ANSWERING ESSAY QUESTIONS
Before you begin your Written Assignment, please review the following instructions:
- Use a standard essay response to all questions (i.e. four to five paragraphs with three to five sentences per paragraph, including an introduction, middle paragraphs, and conclusion).
- All responses must be typed double-spaced, using a standard font and 12 point type size for ease of reading and grading.
- Review the material in the textbook related to the question. You may also want to use other sources to help you answer the question, but the primary source for answering the question should be your textbook. The faculty wants to be sure you understand the concepts covered in the textbook.
Writing Assignment for Unit One
Undergraduate courses: 750 words per question.
- Begin each writing assignment by identifying the question number you are answering followed by the actual question itself (in bold type).
- Use a standard essay format for responses to all questions (i.e., an introduction, middle
paragraphs and conclusion). Use APA format for citations.
Please answer the following: Use the PDF files attached as 1 of the sources the reference is below:
- Consumers experience different forms of problem recognition. Explain each type of problem recognition and give one example of a Purchase for each type: Out of stock, Dissatisfaction, New Needs/Wants, Related Products Purchases, Marketer Induce, New Products.
Use the PDF files attached as 1 of the sources the reference is below:
Belch, G. E., & Belch, M. A. (2018). Advertising and Promotion: An Integrated Marketing Communications Perspective (11th ed., pp. 127). New York, NY: McGraw-Hill Education.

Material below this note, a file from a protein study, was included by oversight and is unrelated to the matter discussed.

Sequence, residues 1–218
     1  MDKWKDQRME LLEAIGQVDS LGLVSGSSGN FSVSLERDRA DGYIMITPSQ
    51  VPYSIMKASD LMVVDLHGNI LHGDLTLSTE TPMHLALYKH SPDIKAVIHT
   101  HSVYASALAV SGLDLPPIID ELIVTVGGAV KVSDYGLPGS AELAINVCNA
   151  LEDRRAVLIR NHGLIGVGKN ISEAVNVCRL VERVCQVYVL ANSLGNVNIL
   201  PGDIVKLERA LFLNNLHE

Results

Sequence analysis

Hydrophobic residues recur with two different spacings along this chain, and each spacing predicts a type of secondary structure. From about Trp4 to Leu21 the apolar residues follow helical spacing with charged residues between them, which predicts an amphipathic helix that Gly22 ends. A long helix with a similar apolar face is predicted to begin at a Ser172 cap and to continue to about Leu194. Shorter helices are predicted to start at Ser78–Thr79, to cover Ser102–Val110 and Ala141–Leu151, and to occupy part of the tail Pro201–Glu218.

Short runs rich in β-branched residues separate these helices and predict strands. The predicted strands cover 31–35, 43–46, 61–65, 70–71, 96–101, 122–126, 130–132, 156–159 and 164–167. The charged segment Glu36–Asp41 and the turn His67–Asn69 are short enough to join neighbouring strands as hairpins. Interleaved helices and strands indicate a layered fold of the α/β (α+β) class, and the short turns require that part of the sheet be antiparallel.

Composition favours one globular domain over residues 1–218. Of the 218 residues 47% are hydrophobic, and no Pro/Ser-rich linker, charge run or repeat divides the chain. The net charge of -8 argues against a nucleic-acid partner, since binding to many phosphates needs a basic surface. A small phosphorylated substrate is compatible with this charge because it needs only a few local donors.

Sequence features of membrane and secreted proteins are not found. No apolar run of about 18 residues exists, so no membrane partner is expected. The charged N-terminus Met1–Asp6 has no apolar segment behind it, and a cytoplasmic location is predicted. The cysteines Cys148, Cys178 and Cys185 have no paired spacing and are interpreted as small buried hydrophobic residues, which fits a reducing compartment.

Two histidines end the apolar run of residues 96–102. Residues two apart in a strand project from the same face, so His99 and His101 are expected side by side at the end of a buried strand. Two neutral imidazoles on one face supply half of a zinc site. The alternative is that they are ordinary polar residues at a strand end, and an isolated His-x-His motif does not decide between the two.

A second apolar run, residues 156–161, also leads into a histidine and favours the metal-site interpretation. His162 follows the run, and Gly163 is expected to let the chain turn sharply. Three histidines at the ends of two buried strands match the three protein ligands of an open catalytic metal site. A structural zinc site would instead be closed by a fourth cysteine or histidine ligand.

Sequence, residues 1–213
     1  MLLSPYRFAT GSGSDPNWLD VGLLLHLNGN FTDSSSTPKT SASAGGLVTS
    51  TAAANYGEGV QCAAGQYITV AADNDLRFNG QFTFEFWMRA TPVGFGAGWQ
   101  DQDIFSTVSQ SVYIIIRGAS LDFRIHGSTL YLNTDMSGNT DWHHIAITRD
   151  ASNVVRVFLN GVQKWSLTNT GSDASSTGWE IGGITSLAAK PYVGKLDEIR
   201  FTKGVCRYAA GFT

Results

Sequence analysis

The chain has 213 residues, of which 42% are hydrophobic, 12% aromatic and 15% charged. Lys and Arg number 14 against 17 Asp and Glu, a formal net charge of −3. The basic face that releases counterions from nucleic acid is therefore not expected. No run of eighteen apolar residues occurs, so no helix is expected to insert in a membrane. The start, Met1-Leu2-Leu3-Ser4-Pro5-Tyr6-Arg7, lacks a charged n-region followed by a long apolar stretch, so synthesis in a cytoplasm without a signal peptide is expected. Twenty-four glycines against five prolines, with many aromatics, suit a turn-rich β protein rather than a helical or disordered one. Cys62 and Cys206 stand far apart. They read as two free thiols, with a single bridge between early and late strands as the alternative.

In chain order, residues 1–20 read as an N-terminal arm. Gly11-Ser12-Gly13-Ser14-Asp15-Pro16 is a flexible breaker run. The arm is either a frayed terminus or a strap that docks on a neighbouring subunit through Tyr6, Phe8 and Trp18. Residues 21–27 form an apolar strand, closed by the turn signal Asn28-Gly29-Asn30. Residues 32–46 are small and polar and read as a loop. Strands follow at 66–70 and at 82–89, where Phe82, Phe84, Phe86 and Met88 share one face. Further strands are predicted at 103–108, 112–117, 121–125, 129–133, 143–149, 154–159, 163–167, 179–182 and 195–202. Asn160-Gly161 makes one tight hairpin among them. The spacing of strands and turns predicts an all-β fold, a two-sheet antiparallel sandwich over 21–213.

- Consumers Experience Different Forms of Problem Recognition. Explain Each Type of Problem Recognition
Typically, every consumer purchase decision undergoes various phases of the decision-making process. These stages include problem recognition, information search, alternative evaluation, purchase decision, and post-purchase evaluation (Stankevich, 2017). The first stage, problem recognition, is vital because it often triggers consumers’ need to purchase a commodity or service and solve a perceived problem. While purchase decisions vary from one consumer to another, it is common for consumers to experience out of stock, dissatisfaction, new needs/wants, related products/purchases, marketer-induce, and new products as the core forms of problem recognition.
Out of stock is one of the common types of problem recognition during the consumer purchasing decision. G.Belch and M.Belch (2018) describe out of stock as a problem recognition that occurs when consumers must replenish their stock by choosing a familiar brand or one to which they are loyal. For example, if a consumer’s cleaning detergents run out of stock, this triggers the need to replenish the stock to enable them to undertake their household duties. In essence, out of stock tends to be a routine type of problem recognition that triggers familiar brands’ purchase.
Besides out of stock, dissatisfaction is also a type of problem recognition. Scholars describe dissatisfaction as a lack of consumers’ contentment with the current state of affairs or products being used (G.Belch & M.Belch, 2018). For example, a consumer may be dissatisfied with a particular body lotion outcome, driving them to search for a different product. G.Belch and M.Belch (2018) also posit that advertisement is among the common triggers of problem recognition in dissatisfaction. For example, a vessi advert may trigger consumers to recognize their lack of contentment with shoes that drench on a rainy day. In turn, the dissatisfaction with their current products may trigger the need for new waterproof shoes such as vessi. Fundamentally, dissatisfaction coupled with advertising enables consumers to realize the need for product purchase.